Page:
The market is a pressure cooker right now. 2023 has been a slow year for most if not one of the most challenging yet. And as we look towards the start of 2024, we're all wondering what the new year will hold for us.
Whatever happens, the next twelve to eighteen months will require some grit, resilience and more effort from a sales standpoint.
Now is NOT the time to pull back on sales and marketing investment—quite the opposite.
I've heard of so many businesses cutting back. Why? You must be mad.
This knee-jerk reaction for many when facing a downturn is to tighten their belts and slash budgets across the board. However, the old adage "you have to spend money to make money" couldn't be more relevant in today's dynamic market.
In any downturn, there is an opportunity. I launched my first agency off the back of the 2008 GFC. You just need to get your positioning, pricing and offer tight and in front of the right people, and your business can not only survive but thrive in challenging times.
Here are some considerations to help you do that.
#1. Visibility and positioning
During a downturn, maintaining your brand visibility is key. Brands that show growth, but only if what you're saying (and therefore offering) has a market fit.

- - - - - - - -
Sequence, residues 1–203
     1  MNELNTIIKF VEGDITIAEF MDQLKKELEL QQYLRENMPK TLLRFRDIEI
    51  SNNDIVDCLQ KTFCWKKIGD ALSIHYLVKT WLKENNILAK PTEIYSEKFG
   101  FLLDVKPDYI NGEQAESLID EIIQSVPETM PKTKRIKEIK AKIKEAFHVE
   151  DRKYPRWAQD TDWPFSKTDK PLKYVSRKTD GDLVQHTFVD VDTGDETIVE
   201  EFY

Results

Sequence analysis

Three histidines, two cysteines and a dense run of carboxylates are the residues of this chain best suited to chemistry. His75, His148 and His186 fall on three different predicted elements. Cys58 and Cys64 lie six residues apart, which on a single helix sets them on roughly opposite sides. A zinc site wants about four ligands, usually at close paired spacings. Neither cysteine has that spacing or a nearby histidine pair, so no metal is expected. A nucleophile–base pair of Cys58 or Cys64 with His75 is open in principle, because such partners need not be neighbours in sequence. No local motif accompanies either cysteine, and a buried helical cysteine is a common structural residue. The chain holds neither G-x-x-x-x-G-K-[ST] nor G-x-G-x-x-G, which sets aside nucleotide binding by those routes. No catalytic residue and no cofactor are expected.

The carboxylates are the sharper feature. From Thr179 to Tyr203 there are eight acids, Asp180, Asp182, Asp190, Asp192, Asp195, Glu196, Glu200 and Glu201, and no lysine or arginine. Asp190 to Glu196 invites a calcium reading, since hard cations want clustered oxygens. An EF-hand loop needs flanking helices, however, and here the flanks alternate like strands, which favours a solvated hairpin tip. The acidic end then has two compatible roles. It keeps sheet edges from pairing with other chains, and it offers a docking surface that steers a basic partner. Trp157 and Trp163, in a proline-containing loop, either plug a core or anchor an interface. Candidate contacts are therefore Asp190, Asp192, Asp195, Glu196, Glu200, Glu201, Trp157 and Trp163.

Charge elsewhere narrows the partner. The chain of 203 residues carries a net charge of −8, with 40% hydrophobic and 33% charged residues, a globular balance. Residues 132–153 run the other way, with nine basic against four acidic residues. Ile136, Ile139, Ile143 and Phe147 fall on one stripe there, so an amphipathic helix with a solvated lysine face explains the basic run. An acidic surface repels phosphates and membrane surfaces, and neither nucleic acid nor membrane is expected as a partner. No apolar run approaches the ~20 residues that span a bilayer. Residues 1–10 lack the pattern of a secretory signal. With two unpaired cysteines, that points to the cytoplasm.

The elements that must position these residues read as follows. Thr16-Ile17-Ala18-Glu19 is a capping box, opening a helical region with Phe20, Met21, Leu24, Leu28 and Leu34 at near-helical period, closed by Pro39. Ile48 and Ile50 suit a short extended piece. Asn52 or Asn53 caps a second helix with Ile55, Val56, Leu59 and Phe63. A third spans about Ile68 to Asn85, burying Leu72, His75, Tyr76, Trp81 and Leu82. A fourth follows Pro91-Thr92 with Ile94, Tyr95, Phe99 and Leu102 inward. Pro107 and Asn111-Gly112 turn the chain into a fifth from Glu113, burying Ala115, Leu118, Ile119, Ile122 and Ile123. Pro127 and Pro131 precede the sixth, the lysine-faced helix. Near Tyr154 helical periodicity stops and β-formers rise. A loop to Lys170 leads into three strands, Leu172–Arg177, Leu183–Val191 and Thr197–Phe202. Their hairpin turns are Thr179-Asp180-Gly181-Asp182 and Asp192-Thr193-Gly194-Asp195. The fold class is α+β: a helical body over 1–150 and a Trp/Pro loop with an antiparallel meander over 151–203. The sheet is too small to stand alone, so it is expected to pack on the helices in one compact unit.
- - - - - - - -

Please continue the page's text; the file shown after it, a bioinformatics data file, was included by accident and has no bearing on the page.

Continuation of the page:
It's easy to assume that a lack of inbound demand means that marketing efforts are futile. However, by continuing to push and create visibility, you can retain your existing client base and strengthen your brand for the future.
With platforms like LinkedIn, most users are lurkers. They're not engaging with your content - most don't. They might even be ignoring your messages or emails. But that doesn't mean you're not a fit for them and don't need you, but they're not ready to talk yet.
If you've taken the time to refine your proposition and market fit and tested it. Keep going to create visibility and awareness.
#2. Reaching new audiences
Sounds obvious? But are you really leveraging outbound sales tactics consistently? Most don't and fall back to the easy option of relying on referrals and inbound.
This will not help you maintain or grow; it's tough to control or predict.